apd_similarity {applicable}  R Documentation 
Applicability domain methods using binary similarity analysis
Description
apd_similarity()
is used to analyze samples in terms of similarity scores
for binary data. All features in the data should be binary (i.e. zero or
one).
Usage
apd_similarity(x, ...)
## Default S3 method:
apd_similarity(x, quantile = NA_real_, ...)
## S3 method for class 'data.frame'
apd_similarity(x, quantile = NA_real_, ...)
## S3 method for class 'matrix'
apd_similarity(x, quantile = NA_real_, ...)
## S3 method for class 'formula'
apd_similarity(formula, data, quantile = NA_real_, ...)
## S3 method for class 'recipe'
apd_similarity(x, data, quantile = NA_real_, ...)
Arguments
x 
Depending on the context:

... 
Options to pass to 
quantile 
A real number between 0 and 1 or NA for how the similarity
values for each sample versus the training set should be summarized. A value
of 
formula 
A formula specifying the predictor terms on the righthand side. No outcome should be specified. 
data 
When a recipe or formula is used,

Details
The function computes measures of similarity for different samples
points. For example, suppose samples A
and B
both contain p binary
variables. First, a 2x2 table is constructed between A
and B
across
their elements. The table will contain p entries across the four cells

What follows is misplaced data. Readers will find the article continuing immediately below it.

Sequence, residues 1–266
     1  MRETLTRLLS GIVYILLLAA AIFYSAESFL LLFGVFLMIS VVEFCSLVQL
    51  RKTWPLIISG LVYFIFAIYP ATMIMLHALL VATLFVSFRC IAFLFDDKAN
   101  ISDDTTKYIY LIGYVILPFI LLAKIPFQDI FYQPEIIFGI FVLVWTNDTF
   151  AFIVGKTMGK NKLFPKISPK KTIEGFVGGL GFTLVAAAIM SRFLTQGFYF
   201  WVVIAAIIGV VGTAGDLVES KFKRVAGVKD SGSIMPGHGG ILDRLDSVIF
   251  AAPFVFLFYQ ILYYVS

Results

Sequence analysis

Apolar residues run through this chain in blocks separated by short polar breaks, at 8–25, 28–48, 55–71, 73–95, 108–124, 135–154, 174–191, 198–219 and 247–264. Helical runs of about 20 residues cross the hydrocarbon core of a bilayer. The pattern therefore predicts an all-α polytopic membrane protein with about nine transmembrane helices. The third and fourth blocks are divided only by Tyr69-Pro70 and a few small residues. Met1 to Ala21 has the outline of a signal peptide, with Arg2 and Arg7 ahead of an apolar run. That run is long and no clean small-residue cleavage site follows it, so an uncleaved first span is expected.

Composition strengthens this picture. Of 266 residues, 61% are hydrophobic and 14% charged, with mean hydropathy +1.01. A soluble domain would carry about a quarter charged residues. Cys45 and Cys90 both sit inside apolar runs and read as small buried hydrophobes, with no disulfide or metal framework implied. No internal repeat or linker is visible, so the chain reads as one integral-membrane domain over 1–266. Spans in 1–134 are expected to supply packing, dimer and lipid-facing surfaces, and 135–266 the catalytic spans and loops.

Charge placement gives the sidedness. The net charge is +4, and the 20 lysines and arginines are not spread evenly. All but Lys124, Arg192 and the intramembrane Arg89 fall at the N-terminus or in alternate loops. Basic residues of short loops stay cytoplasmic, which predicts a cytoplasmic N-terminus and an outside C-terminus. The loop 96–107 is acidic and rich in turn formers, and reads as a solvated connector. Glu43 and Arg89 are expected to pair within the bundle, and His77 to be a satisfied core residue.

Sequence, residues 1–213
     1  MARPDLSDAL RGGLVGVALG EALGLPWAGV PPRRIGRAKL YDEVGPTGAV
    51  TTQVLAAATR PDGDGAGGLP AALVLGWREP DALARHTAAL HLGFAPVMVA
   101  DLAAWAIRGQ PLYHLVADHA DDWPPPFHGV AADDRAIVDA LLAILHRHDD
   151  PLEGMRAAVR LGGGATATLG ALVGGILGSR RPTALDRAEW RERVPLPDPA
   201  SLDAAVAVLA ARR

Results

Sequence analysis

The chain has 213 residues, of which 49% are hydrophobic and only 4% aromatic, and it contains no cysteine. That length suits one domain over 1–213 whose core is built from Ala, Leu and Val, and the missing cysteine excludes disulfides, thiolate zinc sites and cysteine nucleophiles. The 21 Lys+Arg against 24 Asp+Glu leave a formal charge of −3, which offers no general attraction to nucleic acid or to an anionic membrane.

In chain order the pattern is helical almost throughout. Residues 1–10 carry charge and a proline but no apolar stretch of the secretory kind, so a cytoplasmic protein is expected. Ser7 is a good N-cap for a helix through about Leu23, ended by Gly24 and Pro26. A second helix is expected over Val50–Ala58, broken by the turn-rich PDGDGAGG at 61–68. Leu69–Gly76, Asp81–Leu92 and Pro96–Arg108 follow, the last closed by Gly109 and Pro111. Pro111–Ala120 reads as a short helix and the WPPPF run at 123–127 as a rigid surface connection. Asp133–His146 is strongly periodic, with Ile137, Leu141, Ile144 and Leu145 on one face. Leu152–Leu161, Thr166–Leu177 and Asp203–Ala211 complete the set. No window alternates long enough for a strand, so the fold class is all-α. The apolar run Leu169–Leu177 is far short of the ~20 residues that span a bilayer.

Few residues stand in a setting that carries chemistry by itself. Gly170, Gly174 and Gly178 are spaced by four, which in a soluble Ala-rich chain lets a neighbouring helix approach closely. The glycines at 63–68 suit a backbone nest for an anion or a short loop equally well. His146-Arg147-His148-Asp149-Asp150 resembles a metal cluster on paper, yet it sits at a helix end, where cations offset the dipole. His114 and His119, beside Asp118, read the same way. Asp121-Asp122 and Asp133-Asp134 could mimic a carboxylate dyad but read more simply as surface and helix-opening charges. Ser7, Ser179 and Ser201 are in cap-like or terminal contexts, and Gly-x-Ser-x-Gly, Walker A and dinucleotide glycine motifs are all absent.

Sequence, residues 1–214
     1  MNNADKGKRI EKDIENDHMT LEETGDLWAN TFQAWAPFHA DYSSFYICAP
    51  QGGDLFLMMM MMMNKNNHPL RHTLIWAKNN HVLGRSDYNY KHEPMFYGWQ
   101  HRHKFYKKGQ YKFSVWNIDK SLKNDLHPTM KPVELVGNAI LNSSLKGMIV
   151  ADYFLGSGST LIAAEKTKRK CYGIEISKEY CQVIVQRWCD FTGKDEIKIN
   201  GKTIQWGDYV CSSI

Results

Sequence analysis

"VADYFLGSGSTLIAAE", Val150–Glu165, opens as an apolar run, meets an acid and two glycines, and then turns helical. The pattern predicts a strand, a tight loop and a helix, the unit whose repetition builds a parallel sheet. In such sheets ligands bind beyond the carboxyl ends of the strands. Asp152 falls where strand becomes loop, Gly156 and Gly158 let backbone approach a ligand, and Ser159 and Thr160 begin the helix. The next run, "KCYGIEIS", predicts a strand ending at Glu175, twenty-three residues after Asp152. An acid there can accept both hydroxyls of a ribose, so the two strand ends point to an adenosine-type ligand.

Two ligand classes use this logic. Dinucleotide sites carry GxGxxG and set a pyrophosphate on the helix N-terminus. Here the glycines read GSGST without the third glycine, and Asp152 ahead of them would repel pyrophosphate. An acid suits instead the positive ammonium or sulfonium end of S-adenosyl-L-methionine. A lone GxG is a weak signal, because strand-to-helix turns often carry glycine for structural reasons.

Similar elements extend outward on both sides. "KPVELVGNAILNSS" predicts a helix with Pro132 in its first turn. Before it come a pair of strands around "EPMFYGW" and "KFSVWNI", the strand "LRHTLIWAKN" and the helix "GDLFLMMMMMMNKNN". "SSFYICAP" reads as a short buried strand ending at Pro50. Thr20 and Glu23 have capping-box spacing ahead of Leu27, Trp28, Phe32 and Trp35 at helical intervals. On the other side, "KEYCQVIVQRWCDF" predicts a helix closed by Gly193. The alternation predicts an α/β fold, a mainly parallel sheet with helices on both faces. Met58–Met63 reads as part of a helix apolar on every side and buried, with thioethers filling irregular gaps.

(see the example below). From this, different measures of likeness are
computed.
For a training set of n samples, a new sample is compared to each, resulting in n similarity scores. These can be summarized into a single value; the median similarity is used by default by the scoring function.
For this method, the computational methods are fairly taxing for large data sets. The training set must be stored (albeit in a sparse matrix format) so object sizes may become large.
By default, the computations are run in parallel using all possible
cores. To change this, call the setThreadOptions
function in the
RcppParallel
package.
Value
A apd_similarity
object.
References
Leach, A. and Gillet V. (2007). An Introduction to Chemoinformatics. Springer, New York
Examples
data(qsar_binary)
jacc_sim < apd_similarity(binary_tr)
jacc_sim
# plot the empirical cumulative distribution function (ECDF) for the training set:
library(ggplot2)
autoplot(jacc_sim)
# Example calculations for two samples:
A < as.matrix(binary_tr[1, ])
B < as.matrix(binary_tr[2, ])
xtab < table(A, B)
xtab
# Jaccard statistic
xtab[2, 2] / (xtab[1, 2] + xtab[2, 1] + xtab[2, 2])
# Hamman statistic
((xtab[1, 1] + xtab[2, 2])  (xtab[1, 2] + xtab[2, 1])) / sum(xtab)
# Faith statistic
(xtab[1, 1] + xtab[2, 2] / 2) / sum(xtab)
# Summarize across all training set similarities
mean_sim < score(jacc_sim, new_data = binary_unk)
mean_sim